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VOL. 126 | NO. 14 | Friday, January 21, 2011

Service and Community at Heart of Chastain’s Career Choices

By Aisling Maki

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Chris Chastain’s career can be characterized by two main themes: service and community.


(Photo: Lance Murphey)

Before stepping into his current role as executive director of the Crittenden Regional Hospital Foundation in June of 2008, Chastain served as associate director of annual giving at Rhodes College, development officer at Baptist Memorial Health Care Foundation and director of institutional advancement at Lausanne Collegiate School.

“I consider myself lucky to have had the opportunity to work with and lead organizations that give me an outlet to satisfy my call to serve,” said Chastain, also a graduate of both the Memphis Leadership Academy and Leadership Arkansas.

But despite the breadth of his fundraising employment experience, he attributes much of his nonprofit know-how to the influential people he’s encountered along the way.

“I’ve learned a great deal from the many people I’ve been lucky enough to surround myself with, who have an attitude of service and a concern for helping people – not just at arm’s length, but really rolling up their sleeves, being hands on and working to form those relationships,” said Chastain, who manages the fundraising arm of the West Memphis hospital, which serves patients in seven counties.

The foundation’s donor base has grown considerably since Chastain took the helm two and a half years ago. Revenue and assets have increased by a sizeable margin, and employee campaign revenue has grown by more than 20 percent.

“Leading a nonprofit organization in 2011 can be a challenge compared to 10 or even five years ago,” he said. “You still need that innate passion for serving people, but now more than ever, leading an effective nonprofit requires business experience to ensure that the organization remains sustainable.”

Chastain’s strategies have included the development of a well-received annual speaker and dinner series, which got off the ground in 2009 with physician and activist Patch Adams, portrayed by Robin Williams in the 1999 film of the same name.

And last year, Chastain brought Sean Swarner, the first cancer survivor to climb Mount Everest, to The Peabody hotel for an evening to share his inspirational story.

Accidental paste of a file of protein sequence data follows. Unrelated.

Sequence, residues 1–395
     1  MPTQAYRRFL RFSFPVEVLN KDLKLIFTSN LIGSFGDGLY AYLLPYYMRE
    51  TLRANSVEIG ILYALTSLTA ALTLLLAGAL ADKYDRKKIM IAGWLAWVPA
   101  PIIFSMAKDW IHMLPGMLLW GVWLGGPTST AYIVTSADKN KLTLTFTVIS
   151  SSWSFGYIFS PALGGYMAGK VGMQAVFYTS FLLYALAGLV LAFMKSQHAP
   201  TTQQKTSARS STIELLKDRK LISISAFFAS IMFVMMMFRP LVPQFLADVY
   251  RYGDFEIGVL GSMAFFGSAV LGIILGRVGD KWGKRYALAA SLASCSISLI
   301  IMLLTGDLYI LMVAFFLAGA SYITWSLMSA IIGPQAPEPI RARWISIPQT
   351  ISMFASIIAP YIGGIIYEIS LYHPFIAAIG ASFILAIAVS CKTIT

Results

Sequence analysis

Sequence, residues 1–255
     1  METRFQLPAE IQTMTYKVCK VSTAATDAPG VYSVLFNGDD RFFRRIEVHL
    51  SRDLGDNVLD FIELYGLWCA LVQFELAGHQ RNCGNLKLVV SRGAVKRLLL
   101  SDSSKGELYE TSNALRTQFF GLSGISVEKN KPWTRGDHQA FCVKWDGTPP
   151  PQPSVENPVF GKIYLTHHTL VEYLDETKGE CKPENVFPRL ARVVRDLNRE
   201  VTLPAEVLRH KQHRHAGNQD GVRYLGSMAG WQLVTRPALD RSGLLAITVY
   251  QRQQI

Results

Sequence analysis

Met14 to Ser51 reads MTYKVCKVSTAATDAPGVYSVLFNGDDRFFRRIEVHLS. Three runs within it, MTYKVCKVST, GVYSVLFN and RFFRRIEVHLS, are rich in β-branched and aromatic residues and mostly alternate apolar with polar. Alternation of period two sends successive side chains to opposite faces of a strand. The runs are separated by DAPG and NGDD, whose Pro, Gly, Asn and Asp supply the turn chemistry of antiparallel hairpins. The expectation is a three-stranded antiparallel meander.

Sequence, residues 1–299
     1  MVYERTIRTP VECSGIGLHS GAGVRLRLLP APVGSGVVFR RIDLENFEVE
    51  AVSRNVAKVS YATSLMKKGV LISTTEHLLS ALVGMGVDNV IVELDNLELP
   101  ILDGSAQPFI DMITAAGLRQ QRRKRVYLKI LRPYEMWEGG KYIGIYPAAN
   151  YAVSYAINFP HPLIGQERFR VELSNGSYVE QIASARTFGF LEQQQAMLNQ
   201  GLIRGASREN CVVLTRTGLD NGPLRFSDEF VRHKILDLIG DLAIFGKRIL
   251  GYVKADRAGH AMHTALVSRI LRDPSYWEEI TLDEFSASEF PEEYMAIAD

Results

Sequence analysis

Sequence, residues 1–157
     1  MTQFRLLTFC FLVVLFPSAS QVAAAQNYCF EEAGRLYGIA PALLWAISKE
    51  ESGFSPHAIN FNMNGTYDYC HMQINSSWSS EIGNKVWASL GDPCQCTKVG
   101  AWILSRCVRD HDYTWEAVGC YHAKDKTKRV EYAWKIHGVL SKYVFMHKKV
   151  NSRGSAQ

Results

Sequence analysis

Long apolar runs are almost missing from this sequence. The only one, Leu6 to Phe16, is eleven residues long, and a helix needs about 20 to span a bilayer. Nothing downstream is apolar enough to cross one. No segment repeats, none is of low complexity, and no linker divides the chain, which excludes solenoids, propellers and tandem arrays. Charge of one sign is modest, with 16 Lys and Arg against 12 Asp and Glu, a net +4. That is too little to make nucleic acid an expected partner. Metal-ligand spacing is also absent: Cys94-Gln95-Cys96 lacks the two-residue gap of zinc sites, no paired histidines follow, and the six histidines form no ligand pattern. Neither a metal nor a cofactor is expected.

“We’re really excited about the exposure that the series has given to the hospital and the foundation,” Chastain said. “It’s been tremendous, and I’m excited about what it means for bringing in donations and the opportunities to work with vendors. And it’s not always about the money; it’s about being able to have build relationships and develop different ways that everybody can benefit. When it comes down to it, it’s all about the patient.”

Chastain said that one of his goals for 2011 is to “solidify an effective annual giving campaign. We’re in a position to plan for one and execute one, which will do wonders for the future of the hospital and the foundation.”

Chastain’s other initiatives have included the development of an employee crisis fund that provides short-term assistance for hospital employees who’ve experienced hardships, and a patient assistance fund to provide immediate financial assistance to patients in need.

“The patient assistance fund mostly involves purchasing medicine for people so they can be discharged from the hospital,” he said. “That fund has increased 570 percent since last year. In 2009 we approved 17 requests and provided $1,500 in assistance. In 2010, we approved 64 requests and did almost $9,000. It’s doing fantastic things for patients.”

Additional recent projects have included the purchase of a Web-based patient education system and a new child vision-testing system that can diagnose vision problems in children as young as six months of age; the renovation of an Intensive Care waiting room; and the creation of “jungle room” for pediatric day surgery patients to choose a stuffed animal friend to watch over them during what can be a frightening time for a child.

“It’s fun to watch these kids go to the jungle room and actually pick out a toy. It doesn’t take away from the fact that they’re going to have surgery, but it does help to bring them some comfort,” said Chastain, himself the father of two young girls with his wife, Autumn, an attorney in the Shelby County Juvenile Court.

The couple, who met as undergraduates at Rhodes College, owns Mango Street Baby, an independent children’s boutique located in the Regalia Center in East Memphis.

“We’re a good team. We’re a fantastic team,” he said about his wife. “We’re both able to understand the bigger picture, and that’s really about our family.”

The family man is also a weekend warrior who has competed in such esteemed events as the New York Marathon and the Ironman Florida Triathlon, which he calls “the best stress relief I can imagine.”

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